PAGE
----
A lot of patience and a mobile phone – that’s what’s required to arrange an interview with Juan Guaidó, the Venezuelan opposition politician who set the country alight after declaring himself interim president in January.

It wasn’t easy: it took 13 days, 12 phone calls and 40 text messages before he agreed to speak to me. And even then, the 35-year-old only agreed to answer questions sent by e-mail.

But for a chance speak to one of the world’s most sought-after politicians? I couldn’t miss the opportunity.

Because this is a man who is fighting an unprecedented political battle in Venezuela. Guaidó wants to overthrow President Nicolás Maduro, claiming his government is illegitimate. He is on a mission to fix the “tragic” conditions plaguing the country, including hyperinflation, unemployment and urgent food and medicine shortages.

He is fighting historic Chavismo – the left-wing ideology based on the ideas of former Venezuelan president Hugo Chávez. And apparently, he does not fear for his own life – despite living in a country where “blood has already been shed” for change.

In turn, Maduro’s government accuses Guaidó and the United States of attempting to stage a coup. But the opposition leader denies this – saying that whoever believes it “either do[es] not know what has happened in Venezuela, or say[s] it in bad faith.” But he has continually refused to sit down for dialogue with Maduro.

According Guaidó, his aspirations are much bigger than removing a single person from power. “We do not seek to put an end to Chavismo or to any politician. We want democracy.”

What is your opinion on those who defend the idea that you are part of a coup d’état?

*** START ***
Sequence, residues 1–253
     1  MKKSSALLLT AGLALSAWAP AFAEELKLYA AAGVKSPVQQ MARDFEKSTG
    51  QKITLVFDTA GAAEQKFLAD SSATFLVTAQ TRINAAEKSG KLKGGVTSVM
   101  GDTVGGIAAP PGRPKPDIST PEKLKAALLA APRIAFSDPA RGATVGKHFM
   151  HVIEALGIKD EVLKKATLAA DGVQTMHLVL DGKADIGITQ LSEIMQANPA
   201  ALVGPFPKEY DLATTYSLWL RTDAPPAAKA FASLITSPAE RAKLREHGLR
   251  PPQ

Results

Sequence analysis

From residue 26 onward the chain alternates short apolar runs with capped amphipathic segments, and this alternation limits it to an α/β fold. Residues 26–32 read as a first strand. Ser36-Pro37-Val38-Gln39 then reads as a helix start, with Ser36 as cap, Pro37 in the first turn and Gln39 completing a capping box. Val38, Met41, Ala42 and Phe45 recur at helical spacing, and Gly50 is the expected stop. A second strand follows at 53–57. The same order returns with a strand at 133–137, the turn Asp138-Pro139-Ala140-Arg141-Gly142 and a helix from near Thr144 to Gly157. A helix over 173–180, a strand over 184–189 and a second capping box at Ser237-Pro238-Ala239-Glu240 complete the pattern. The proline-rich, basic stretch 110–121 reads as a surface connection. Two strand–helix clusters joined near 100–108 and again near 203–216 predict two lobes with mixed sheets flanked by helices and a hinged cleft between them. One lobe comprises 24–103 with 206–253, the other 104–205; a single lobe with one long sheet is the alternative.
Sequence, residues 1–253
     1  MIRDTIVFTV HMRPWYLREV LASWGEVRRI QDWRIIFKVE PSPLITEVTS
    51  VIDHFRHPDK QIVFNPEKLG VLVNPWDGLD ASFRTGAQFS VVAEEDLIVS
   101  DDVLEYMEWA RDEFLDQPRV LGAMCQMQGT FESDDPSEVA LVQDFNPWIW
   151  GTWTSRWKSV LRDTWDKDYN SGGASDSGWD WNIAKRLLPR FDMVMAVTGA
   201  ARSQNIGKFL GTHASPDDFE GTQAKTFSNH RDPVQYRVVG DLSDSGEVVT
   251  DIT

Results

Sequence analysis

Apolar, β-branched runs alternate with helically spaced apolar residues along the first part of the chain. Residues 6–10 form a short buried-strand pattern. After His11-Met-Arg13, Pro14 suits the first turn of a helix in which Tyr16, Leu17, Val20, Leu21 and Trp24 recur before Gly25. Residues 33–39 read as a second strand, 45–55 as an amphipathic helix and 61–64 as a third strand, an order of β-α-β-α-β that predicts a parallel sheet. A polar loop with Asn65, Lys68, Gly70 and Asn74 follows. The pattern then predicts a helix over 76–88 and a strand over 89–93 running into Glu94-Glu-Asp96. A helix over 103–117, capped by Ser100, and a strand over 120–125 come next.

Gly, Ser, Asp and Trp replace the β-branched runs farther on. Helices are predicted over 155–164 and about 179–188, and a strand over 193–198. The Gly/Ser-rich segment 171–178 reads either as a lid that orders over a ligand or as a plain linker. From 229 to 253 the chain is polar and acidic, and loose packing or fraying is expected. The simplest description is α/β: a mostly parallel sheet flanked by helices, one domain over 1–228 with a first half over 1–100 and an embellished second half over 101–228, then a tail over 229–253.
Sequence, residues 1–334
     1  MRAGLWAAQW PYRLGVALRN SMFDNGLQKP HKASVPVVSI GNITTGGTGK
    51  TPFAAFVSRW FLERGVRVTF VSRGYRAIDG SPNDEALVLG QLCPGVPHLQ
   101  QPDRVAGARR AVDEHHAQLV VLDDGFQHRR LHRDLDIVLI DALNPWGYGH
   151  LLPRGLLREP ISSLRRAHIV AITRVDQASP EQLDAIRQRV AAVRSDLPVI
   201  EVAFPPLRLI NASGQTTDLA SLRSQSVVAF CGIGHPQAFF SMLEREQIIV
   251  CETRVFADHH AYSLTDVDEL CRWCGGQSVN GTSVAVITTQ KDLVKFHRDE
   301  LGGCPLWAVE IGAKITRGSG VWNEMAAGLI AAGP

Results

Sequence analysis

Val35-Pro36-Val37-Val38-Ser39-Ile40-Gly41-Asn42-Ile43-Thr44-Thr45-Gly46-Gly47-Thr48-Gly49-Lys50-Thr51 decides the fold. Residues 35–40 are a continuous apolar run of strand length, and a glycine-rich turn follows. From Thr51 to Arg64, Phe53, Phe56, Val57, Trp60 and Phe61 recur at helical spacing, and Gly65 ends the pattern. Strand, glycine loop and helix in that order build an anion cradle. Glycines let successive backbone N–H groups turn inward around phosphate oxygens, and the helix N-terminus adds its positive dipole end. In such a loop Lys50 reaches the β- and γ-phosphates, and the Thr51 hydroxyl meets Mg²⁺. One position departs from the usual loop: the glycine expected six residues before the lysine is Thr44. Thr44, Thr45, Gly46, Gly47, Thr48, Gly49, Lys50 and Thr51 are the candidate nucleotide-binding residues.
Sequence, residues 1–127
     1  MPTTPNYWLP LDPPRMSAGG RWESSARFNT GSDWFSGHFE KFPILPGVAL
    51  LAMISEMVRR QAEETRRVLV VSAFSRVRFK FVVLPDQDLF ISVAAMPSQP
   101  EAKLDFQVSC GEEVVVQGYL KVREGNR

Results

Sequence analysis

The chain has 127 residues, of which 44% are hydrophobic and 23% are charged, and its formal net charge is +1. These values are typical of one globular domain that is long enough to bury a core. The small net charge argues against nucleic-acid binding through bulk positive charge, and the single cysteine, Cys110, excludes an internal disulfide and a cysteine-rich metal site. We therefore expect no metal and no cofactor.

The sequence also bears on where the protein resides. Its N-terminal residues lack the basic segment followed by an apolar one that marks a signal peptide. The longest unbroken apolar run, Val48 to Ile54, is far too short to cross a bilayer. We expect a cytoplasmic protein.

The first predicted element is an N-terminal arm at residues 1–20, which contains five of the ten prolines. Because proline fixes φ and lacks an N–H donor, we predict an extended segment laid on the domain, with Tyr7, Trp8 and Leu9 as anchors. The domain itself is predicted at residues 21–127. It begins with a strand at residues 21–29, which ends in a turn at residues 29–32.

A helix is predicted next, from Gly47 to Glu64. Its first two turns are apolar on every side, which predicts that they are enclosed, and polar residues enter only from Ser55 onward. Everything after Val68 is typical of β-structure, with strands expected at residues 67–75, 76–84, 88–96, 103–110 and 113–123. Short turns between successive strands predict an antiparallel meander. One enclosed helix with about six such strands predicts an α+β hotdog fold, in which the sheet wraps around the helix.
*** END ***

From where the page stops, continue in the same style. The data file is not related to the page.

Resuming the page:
They either do not know what has happened in Venezuela, or say it in bad faith. Nicolás Maduro is the one who has not listened to the will of the voters as expressed at the 2015 parliamentary elections.

It is him who has staged a coup by violating the constitution in force through the illegal call to a corporate Constituent Assembly in 2017, only composed of his acolytes.

And it is him who has been usurping the office of president of my country since January 10. I have no other intention than to restore democracy and the rule of law, both of which have been violated in Venezuela.

And what about those who say that you are a CIA agent – and even a puppet of the US establishment?
I am the president of the only democratically legitimate institution that is left in Venezuela (the National Assembly of Venezuela).

The representatives who make it up were elected in December 2015 under the framework of my country’s constitution. We haven’t been appointed by Mr Trump, who was not even president at that time. We have been elected by the Venezuelan people, and that must be respected.

Will see bloodshed in Venezuela?
Over the last 15 years, more than 250,000 Venezuelans have died in this country due to violence. Furthermore, the repressive forces which still respond to Maduro have remained active, committing numerous human rights violations, including extrajudicial executions.

Between 2015 and 2017, the number of extrajudicial executions carried out by this repressive machine has risen above 8,200, more than three times the number of missing persons in Chile during Pinochet’s military dictatorship.

There has already been a bloodshed in our country.

Do you fear for your life?
The responsibility I have taken on has involved risks to my family, my collaborators and myself.

However, that is not my greatest fear.

My greatest fear is that the Venezuelans go on without being able to get medications for their children. I fear that our senior citizens continue to die of malnutrition and preventable diseases. I fear the continuation of this dictatorship, which is the cause of the troubles and hunger experienced by the Venezuelans.

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